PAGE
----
Friday, August 04, 2017

Maine Raises Smoking Age to 21 After Lawmakers Override Veto (NYT)

Good action.

This makes a lot of sense. Should Florida become the fifth state to do so? Why wasn't this part of the national tobacco settlement? Too many compromises by Congress and plaintiff's lawyers?

Earlier this year, Florida State Senator Darryl Rouson from St. Petersburg and State Representative Lori Berman from Lantana introduced similar legislation. Will Reps. Cyndi Stevenson and Paul Renner and Sen. Travis Hutson support this bill?

Maine Raises Smoking Age to 21 After Lawmakers Override Veto
AUG. 2, 2017
The New York Times

Maine will become the fourth state to raise the smoking age to 21 and will adopt stricter regulations on the sale of electronic cigarettes after lawmakers on Wednesday voted overwhelmingly to override the governor’s veto.

Gov. Paul R. LePage, a Republican, had called the bill an attempt to “social engineer our lives,” saying that if 18-year-olds can join the military and fight in wars, they should be allowed to decide on their own whether to use tobacco.

Senator Paul Davis, a Republican who wrote the bill, said the governor’s remarks showed that he had missed the point of the legislation.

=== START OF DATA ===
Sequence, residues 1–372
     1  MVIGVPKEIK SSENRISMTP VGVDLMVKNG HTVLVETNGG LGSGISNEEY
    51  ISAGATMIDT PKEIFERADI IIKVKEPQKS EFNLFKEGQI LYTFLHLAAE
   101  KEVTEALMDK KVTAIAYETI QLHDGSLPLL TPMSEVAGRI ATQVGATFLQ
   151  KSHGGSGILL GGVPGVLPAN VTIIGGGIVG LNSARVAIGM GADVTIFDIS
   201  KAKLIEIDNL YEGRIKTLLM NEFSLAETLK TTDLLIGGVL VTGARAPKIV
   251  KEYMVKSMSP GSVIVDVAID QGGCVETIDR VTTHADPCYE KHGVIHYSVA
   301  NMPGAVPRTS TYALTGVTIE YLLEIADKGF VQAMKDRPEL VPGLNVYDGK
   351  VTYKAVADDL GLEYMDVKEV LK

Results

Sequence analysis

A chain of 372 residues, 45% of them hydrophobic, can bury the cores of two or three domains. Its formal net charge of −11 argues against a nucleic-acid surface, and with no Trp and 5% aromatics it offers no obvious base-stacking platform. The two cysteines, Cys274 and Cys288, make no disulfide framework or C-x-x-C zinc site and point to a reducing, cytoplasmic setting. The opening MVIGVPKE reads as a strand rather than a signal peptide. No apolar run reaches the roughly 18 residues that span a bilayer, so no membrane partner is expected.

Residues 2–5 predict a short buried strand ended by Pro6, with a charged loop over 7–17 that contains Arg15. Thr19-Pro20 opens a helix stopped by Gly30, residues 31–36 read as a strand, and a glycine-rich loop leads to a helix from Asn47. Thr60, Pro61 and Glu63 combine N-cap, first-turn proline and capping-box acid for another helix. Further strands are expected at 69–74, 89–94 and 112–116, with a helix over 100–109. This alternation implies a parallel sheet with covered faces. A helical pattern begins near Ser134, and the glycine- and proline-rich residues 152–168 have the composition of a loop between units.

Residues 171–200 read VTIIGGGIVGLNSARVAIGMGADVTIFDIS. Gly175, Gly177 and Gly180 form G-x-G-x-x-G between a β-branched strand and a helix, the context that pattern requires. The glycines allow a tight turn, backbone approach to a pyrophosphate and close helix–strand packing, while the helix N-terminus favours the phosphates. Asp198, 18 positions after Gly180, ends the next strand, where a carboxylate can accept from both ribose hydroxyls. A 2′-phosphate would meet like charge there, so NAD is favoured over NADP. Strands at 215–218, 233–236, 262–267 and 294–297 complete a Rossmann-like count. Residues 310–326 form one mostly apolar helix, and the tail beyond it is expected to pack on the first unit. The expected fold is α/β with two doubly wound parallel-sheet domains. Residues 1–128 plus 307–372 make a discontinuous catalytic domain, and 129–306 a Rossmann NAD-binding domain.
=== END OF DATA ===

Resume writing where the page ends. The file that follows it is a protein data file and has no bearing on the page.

“People who join the military don’t have 15-year-old kids following them around and being impressed by their actions,” Mr. Davis told reporters after the Senate’s vote on Wednesday. “It’s about the availability of cigarettes in schools.”

Starting in July, anyone under 21 will not be allowed to buy tobacco products in the state, which will join California, Hawaii and New Jersey as the only states to raise the age limit to 21, from 18. Maine’s new regulations will also apply to devices like e-cigarettes, which are popular among teenagers; hookah pipes; and smoking accessories.

In the last two decades, tobacco use among teenagers in Maine has dropped drastically, mirroring a similar decline across the country. But the state still ranks near the top for high schoolers who smoke cigarettes: In 2015, 11.2 percent of Maine high school students smoked, just above the national average of 10.8 percent, according to the most recent data from the Centers for Disease Control and Prevention.

Smoking is the leading cause of preventable death in the United States, accounting for about 20 percent of all deaths.

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